On that note, the National Association of Realtors Chief Economist, Lawrence Yun, said, “The latest month’s sales look to be the bottom before inevitably turning higher in the new year. Mortgage rates are meaningfully lower compared to just two months ago, and more inventory is expected to appear on the market in upcoming months.”

More supply is certainly needed, as there were just 1 million homes available for sale at the end of December. This was down from 1.13 million at the end of November, and below healthy levels at just a 3.2 months’ supply of homes at the current sales pace.

Home Builders Optimistic About 2024

Confidence among home builders rose for the second straight month in January as falling mortgage rates have encouraged some buyers to resume their home search.

The National Association of Home Builders (NAHB) Housing Market Index climbed seven points to 44. While this is still in contraction territory below the key breakeven level of 50, the reversal marks a positive sign heading into the spring buying season.

All three index components moved higher this month. Current sales conditions rose seven points to 48, while future sales expectations surged twelve points to 57, moving into positive territory for the first time since August. Buyer traffic was also up five points to 29. 

What’s the bottom line? NAHB Chair Alicia Huey noted that, “Lower interest rates improved housing affordability conditions this past month, bringing some buyers back into the market.” Plus, 31% of builders surveyed reported that they’re still reducing prices to encourage sales, providing even more opportunities for buyers right now.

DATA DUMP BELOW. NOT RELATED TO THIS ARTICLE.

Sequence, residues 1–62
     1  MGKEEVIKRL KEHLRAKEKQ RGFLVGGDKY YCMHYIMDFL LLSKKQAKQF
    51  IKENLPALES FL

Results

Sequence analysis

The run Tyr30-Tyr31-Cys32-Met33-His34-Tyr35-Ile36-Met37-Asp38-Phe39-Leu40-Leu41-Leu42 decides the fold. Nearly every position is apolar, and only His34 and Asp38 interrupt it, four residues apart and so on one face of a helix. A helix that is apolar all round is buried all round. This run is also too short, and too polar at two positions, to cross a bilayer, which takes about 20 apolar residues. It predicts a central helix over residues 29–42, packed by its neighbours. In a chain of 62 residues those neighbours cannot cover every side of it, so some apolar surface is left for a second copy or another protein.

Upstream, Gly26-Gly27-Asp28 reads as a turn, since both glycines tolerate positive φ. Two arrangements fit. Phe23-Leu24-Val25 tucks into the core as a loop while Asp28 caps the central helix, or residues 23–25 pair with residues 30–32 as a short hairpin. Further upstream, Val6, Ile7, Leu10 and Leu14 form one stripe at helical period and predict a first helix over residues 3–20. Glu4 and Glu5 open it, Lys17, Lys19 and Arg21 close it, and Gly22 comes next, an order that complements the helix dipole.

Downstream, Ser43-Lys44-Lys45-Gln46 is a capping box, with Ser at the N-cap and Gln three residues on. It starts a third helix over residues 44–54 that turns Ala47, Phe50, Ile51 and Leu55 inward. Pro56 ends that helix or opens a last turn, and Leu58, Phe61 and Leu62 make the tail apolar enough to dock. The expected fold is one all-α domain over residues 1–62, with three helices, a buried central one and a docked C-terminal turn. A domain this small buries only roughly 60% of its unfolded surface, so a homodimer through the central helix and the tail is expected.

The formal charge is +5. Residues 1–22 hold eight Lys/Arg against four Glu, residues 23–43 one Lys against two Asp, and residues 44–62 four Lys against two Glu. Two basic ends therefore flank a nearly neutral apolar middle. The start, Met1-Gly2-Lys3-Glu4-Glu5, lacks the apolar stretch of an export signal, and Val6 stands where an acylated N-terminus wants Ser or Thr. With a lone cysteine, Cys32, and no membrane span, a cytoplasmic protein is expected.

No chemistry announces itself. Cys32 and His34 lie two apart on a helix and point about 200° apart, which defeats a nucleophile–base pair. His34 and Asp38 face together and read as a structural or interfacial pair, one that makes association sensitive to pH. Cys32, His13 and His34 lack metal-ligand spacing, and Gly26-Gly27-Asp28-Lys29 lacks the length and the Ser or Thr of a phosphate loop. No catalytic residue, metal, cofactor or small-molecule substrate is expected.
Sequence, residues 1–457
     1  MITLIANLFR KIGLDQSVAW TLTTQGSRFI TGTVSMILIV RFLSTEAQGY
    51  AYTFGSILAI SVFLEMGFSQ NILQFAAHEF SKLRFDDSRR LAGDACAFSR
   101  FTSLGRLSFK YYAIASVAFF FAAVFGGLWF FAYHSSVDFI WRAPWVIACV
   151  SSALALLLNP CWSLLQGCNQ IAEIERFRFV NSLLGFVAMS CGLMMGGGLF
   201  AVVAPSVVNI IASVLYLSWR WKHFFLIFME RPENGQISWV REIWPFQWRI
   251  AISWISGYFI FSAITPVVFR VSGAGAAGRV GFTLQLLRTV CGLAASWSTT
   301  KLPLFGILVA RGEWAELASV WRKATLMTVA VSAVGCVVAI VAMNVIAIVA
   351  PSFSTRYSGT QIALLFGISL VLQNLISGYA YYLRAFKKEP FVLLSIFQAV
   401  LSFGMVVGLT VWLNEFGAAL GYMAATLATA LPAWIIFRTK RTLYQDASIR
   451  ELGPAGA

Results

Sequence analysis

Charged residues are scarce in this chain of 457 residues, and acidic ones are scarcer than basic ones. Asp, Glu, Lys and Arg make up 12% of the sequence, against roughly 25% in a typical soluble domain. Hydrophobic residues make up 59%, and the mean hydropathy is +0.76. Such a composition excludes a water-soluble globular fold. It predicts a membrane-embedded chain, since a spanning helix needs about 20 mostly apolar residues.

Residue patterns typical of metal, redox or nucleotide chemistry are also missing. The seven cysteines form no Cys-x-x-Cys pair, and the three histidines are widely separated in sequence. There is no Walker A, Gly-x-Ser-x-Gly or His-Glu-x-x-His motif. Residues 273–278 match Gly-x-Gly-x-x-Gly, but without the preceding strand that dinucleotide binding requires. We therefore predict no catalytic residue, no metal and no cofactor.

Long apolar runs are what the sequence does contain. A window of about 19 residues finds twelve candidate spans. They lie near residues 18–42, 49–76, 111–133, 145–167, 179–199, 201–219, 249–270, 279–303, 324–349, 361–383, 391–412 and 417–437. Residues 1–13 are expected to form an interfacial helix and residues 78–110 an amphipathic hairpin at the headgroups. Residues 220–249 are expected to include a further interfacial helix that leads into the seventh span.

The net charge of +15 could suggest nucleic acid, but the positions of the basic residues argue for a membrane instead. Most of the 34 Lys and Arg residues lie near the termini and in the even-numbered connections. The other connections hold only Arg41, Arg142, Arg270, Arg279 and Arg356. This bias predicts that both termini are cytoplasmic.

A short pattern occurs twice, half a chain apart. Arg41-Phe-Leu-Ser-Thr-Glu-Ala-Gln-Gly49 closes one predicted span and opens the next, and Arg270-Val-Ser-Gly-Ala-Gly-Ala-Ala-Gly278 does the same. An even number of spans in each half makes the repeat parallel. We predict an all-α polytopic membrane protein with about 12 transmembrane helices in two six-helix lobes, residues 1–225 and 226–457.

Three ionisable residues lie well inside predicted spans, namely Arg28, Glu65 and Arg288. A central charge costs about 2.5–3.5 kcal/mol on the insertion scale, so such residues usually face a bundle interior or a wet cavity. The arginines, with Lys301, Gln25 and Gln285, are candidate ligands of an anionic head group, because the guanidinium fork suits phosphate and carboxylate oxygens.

“Solid Showing” for Single-family Construction

Housing Starts fell for the first time in four months in December, down 4.3% from November.

While single-family Starts also saw a downtick from November, they still had a “solid showing” per the NAHB as they surpassed the million mark (1.027 million) for the second straight month. This reflects the number of single-family homes that would be built throughout the year if construction took place at the same rate in every month as it did in December.

Building Permits, which are an indication of future construction, were up 1.9% from November to December, with permits for single-family homes reaching their highest level in a year.

What’s the bottom line? “Mortgage rates steadily fell below 7% in December, and lower rates combined with a lack of existing inventory in most markets helped to keep single-family production above a one million-unit annual pace,” explained NAHB Chair Alicia Huey.

“And the fact that our latest surveys showed a big increase in builder confidence is an indicator that we can expect housing starts to improve in the coming months.”

A boost in supply will be welcome news for buyers around the country who have struggled with low inventory, though there is still a long way to go to meet the level of demand that exists among buyers.

white and brown concrete bungalow under clear blue sky

When we consider the pace of completed homes that will be coming to market (around 1.57 million homes annualized) and subtract roughly 100,000 homes that need to be replaced every year due to aging, we’re well below demand as measured by household formations that are trending at 1.9 million.

More demand than supply will continue to be supportive of home values, especially when we reach the busier spring homebuying season.

Do reach out to me for more information, as it would be my pleasure to help you in any way I can!

« Older posts

© 2024 The Lending Coach

Theme by Anders NorenUp ↑